To visit Navarre and to not see Olite is unforgivable. You have been warned. You must go and take a walk through this town whose name is still unclear whether it comes from Latin or not, or if it has something to do with vines and olive trees. As usual, the Romans passed through here, and after them the Visigoths with their kings and their unusual names: Swinthila was the name of the one who decided that this was an excellent place to build a few fortifications which would stop the desire of the Vascones to come over to mess up Navarre lands.
But of course, we already know that the Visigoths had the bad luck of receiving the arrival of the Muslim armies. So it was their turn, here too, to fly to the mountains and start planning an act of revenge that would not come until the times of the great-great-grandchildren of their great-great-grandchildren.
It’s from around that period that the Basque name Erriberri, that is, Olite, must have arisen and which means New Earth. And that was, exactly, what the Christians found after reconquering this area so disputed for many years.
These narrow streets that still retain their medieval trace began to take shape in Olite, and the city started to gain importance and privileges that, little by little, led it to achieve very high status. So much so that, in the fifteenth century, Carlos III the Noble ordered to reform and expand an old building to create what would eventually become the Palace or Castle of the Kings of Navarre.
That wonder erected by Carlos turned out to be one of the most impressive European palaces of the time, with infinite rooms, galleries, and gardens in a kind of disorder that gave it a particular charm. That’s the way they say it was because, in reality, what we see here today is a reconstruction of the early twentieth century. A majestic reconstruction, of course, but you might be wondering why the original one did not survive.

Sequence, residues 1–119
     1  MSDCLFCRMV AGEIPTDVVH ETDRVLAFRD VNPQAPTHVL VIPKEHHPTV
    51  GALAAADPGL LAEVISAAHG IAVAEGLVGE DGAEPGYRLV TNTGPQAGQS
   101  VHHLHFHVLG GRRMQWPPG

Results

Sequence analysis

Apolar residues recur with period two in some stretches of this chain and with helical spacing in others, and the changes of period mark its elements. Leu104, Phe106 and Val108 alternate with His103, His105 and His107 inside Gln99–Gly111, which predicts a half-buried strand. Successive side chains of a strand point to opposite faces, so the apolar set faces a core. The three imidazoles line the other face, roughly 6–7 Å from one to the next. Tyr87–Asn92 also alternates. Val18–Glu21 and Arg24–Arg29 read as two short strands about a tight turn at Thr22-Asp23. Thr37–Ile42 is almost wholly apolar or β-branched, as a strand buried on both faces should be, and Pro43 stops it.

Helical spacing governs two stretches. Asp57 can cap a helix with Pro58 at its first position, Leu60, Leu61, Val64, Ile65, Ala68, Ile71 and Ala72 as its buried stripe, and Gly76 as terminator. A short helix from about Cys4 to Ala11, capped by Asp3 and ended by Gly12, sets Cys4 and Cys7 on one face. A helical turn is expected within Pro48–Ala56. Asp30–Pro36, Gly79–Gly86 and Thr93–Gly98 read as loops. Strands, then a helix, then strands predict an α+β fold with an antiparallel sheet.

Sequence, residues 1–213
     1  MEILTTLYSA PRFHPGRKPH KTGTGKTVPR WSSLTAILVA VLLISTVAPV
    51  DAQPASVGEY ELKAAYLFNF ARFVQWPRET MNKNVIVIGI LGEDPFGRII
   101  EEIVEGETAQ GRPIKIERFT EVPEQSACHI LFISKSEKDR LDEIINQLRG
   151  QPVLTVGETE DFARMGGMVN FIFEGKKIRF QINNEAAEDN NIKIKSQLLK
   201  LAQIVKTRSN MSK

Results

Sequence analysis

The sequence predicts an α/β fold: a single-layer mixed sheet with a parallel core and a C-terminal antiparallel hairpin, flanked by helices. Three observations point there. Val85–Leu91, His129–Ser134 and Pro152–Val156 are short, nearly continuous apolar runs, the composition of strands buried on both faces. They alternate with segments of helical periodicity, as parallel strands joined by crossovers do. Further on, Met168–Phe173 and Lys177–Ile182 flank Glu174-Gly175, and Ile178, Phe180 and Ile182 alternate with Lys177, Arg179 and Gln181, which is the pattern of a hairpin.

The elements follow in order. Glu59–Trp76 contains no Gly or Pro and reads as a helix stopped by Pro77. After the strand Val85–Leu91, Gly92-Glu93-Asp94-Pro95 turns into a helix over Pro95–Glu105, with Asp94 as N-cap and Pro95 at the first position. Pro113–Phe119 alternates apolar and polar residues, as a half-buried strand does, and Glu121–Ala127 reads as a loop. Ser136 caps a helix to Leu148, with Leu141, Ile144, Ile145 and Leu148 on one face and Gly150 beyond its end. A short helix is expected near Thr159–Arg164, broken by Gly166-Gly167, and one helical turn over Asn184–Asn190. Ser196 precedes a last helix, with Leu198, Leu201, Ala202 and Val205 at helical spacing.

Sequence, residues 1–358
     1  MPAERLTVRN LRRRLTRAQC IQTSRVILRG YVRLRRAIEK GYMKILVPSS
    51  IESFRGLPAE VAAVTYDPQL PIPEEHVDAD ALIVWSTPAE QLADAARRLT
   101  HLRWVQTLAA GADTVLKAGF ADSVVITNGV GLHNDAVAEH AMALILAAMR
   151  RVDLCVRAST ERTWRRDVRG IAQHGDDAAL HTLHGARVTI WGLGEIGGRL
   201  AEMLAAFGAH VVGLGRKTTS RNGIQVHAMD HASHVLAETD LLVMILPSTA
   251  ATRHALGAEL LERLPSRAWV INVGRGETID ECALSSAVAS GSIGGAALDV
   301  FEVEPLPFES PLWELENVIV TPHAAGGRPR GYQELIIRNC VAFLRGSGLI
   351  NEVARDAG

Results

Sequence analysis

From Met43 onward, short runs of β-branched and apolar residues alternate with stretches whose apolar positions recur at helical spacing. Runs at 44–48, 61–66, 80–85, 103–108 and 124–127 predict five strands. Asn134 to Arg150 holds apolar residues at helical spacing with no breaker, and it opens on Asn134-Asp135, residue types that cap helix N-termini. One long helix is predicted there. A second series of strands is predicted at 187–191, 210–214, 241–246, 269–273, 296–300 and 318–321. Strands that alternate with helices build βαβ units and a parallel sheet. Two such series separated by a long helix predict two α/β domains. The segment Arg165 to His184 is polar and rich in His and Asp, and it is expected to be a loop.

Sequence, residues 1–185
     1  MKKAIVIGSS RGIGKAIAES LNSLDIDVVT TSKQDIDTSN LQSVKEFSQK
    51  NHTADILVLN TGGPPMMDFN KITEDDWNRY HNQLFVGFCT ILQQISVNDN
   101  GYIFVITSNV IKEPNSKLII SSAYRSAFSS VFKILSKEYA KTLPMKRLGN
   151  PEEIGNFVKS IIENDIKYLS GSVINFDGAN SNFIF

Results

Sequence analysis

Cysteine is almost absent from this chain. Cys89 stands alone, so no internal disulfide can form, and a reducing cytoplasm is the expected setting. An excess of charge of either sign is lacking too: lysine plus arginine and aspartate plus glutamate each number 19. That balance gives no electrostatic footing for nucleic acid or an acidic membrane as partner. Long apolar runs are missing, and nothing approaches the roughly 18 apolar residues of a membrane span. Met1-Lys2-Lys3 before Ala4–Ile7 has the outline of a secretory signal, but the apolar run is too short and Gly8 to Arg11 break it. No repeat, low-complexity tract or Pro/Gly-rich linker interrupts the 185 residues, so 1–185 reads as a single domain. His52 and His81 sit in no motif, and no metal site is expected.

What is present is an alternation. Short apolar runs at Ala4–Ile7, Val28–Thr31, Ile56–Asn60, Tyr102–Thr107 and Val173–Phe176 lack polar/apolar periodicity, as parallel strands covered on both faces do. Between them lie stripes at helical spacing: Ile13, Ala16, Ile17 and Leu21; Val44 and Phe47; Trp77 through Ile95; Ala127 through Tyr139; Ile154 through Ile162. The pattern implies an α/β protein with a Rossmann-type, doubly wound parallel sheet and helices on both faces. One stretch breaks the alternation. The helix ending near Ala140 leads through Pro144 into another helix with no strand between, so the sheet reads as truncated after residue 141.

Well, you see, the first thing was the abandonment of the monarchs, when instead of being kings of just Navarre, they began to be of Spain, of the Indies and almost even of the Moon. There was plenty of palaces to choose from. To this, we must add the arrival of the nineteenth century and with it, the Napoleonic Wars, it was then decided to set fire to the castle so the invaders couldn’t use it for their evil ways. So, centuries of neglect plus a tactical fire equals a palace in need to be rebuilt.
Today in Olite, besides the reconstruction of this splendid building, we have churches to suit everyone’s tastes, among them the Gothic church of Santa Maria and the Romanesque of San Pedro, which was enlarged in Baroque times. There is also a good handful of beautiful manor houses that, of course, are nothing like the Royal Palace … nothing can compete against that.